Tiggy Johnson (editor, Page 17)
Selecting my favourite short stories is too difficult a task, partly because I’m not much of a re-reader, so this is just a snapshot of what I think today, this moment, and is likely to change next week, or even tomorrow. I’ve tried to keep it brief, though would really love to include a handful more, including stories by Zenda Vecchio, Daniel Ducrou and David McLaren.
‘Mikolai’s Gift’ by Lisa Nankervis: A tragic story about two brothers vying for attention. It’s been years since I’ve read ‘Mikolai’s Gift’, yet just thinking about it still evokes the images and emotions I felt after reading it for the first time. This story will always stay with me.
‘Snapshots of Strangers’ by Paddy O’Reilly: A wonderful story about holding onto the past, this story has stayed with me for another reason. After winning The Age Short Story Competition O’Reilly still felt a need to make major changes to ‘Snapshots of Strangers’, a reminder that the writer never feels a story is finished.
Rebecca Giggs (writer, After the Whales)
One of my favourite Australian short stories is Peter Carey’s ‘Do You Love Me?’, in the collection War Crimes. The story concerns the slow disappearance of people and territories in a world of cartographic obsessions; it foreshadows, stylistically, the speculative writings of the American author Ben Marcus. I never used to like Carey’s writing, but this story encouraged me to read more, and having now discovered his novel Bliss, I have reformed that opinion.
Sam Cooney (editor, Lifted Brow)
Trying to choose a favourite Australian short story is like opening one of those small rectangular boxes of sultanas designed primarily for kid’s recess or lunch eating and hooking a finger into the box and pulling out a sultana and eating it and then exclaiming, ‘This is my favourite sultana!’ Fun, fleeting, ridiculous.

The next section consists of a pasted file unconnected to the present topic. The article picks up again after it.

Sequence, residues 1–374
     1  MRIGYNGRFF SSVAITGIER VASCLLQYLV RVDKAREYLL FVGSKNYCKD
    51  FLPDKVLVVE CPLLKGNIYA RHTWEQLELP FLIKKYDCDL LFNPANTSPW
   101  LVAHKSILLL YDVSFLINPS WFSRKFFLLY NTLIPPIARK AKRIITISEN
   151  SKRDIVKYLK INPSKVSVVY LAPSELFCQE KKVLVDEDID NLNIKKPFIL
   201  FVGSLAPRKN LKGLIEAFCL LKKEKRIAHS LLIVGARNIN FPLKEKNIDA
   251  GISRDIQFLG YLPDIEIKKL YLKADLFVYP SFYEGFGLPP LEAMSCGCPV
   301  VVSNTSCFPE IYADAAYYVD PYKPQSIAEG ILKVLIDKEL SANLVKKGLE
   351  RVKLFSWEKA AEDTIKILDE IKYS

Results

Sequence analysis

Like, what is ‘favourite’? What is ‘Australian’? What is ‘short’? Etc.
That being said, the first author that came to mind when asked this question is Peter Carey. I’m not a ginormous fan of most of Carey’s longer works, but I think his shorter stuff generally always crackles. If I had to pick one of them, it’d be the story ‘Life and Dead in the South Side Pavilion’. A man is charged with the responsibility of keeping horses from drowning in a pool. He also wants to get busy with this woman. The eventual equation ends up something like: sex = death. Some say the story is about sexual guilt, some say it’s about politics, some say it’s about nothing. I say it’s about memory. Anyway, the story is memorable.
Fiona Wright (poet, Knuckled)
I think I have to nominate Michelle Moo’s ‘New Gold Mountain’ (from HEAT 22) because the rhythms and fluidity of the language, the story in speech, I found really arresting, and very inspiring for that switch between poetry and prose. That, or Beverley Farmer’s ‘Vase with Red Fishes’ from A Body of Water.
If you love short stories, too, check out our upcoming panel, “The Short Story”, part of our series, The Library of Unwritten Stories.
The Library of Unwritten Stories is an eight week program which alternates between panels and writing group meetings.
The NSW Writers’ Centre and the City of Sydney Libraries are teaming up to present The Library of Unwritten Stories, a dynamic new program for young writers aged under 30 with a chance to establish a new writers’ group. The importance of Writers’ Groups – small meetings where writers can read and comment on each other’s work – is often underestimated. This will be a chance for young writers to meet each other, explore the potential for collaborative projects, be mentored by industry professionals and develop their own work.
The Library of Unwritten Stories will alternate weekly between talks from industry guests and the writing group meetings. Talks will focus on the short story and each guest will set a writing challenge for the next week’s meeting.
When: Wednesday evenings: September 5, 19 & 26; October 3, 10, 17, 24 & 31, 6-7pm
To book a place please visit the Library of Unwritten Stories Eventbrite page.